“Back door sentencing” in Italy: common reasons and main consequences for the recall of prisoners

  • Alessandra Gualazzi (Department of Criminal Procedure of the University of Urbino. Contact: alessandragualazzi@libero.it)
  • Chiara Mancuso (Contact: chiara@mancuso.co.uk)
  • Annalisa Mangiaracina (Contact: annalisamangiaracina@libero.it)

Italian law only provides the general conditions for the institution of recall. It follows that significant discretionary powers are enjoyed by the surveillance judges (and in particular by the Surveillance Tribunal) who evaluate on a case-by-case basis whether the commission of another offence or the infringement of parole conditions demonstrate the offenders‟ negative attitude to reintegrate into society. However, especially with reference to the commission of serious crimes, the judges‟ discretionary assessment can result in a restrictive application of the law on recall with the consequence that parolees are returned to prison even when they commit minor violations.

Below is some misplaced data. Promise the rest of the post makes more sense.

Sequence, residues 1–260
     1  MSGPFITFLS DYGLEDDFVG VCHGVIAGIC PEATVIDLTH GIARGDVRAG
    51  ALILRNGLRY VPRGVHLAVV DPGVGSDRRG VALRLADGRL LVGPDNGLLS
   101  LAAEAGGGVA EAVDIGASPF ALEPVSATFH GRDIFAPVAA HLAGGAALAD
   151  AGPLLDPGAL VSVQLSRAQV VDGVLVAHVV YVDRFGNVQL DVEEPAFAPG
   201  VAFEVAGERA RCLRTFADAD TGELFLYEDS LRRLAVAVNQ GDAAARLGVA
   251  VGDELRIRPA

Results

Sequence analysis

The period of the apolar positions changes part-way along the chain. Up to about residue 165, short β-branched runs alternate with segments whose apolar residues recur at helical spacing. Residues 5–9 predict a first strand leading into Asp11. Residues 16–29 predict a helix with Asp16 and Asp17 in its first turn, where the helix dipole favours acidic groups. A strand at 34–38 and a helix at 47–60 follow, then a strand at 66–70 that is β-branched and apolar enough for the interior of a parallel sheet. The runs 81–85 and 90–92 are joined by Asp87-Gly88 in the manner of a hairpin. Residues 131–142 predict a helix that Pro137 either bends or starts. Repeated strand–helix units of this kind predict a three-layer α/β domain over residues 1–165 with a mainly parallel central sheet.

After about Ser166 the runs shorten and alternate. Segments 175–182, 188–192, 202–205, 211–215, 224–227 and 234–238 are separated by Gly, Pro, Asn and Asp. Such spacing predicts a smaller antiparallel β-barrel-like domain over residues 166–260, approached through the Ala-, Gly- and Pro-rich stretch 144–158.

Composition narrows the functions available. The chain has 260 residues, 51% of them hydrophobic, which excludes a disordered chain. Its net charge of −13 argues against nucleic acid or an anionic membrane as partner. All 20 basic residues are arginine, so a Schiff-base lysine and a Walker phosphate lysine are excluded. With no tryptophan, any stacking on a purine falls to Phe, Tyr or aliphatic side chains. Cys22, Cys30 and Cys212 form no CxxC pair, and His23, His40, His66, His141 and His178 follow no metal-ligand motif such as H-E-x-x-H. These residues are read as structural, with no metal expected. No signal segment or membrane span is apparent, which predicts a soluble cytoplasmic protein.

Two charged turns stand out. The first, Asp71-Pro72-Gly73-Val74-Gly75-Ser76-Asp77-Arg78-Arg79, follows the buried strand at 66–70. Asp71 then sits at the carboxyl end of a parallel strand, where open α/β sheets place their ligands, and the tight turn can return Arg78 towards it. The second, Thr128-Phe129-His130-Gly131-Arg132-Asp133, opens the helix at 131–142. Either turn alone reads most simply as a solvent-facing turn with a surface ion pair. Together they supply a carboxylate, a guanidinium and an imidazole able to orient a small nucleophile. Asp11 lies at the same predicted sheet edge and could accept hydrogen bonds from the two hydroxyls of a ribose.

The Italian penitentiary system is currently undergoing a serious crisis mainly caused by prison overcrowding. This article argues that reform of the system is thus urgently needed. Such reform should be aimed, among other objectives, at strengthening the role of the bodies which are involved in the different phases of recall (e.g. social services, prison staff, etc.), in order to assist and support judges in their difficult task of decision making in an area – such that of recall – full of social implication.

Keywords: Back door sentencing, Recall, Italy

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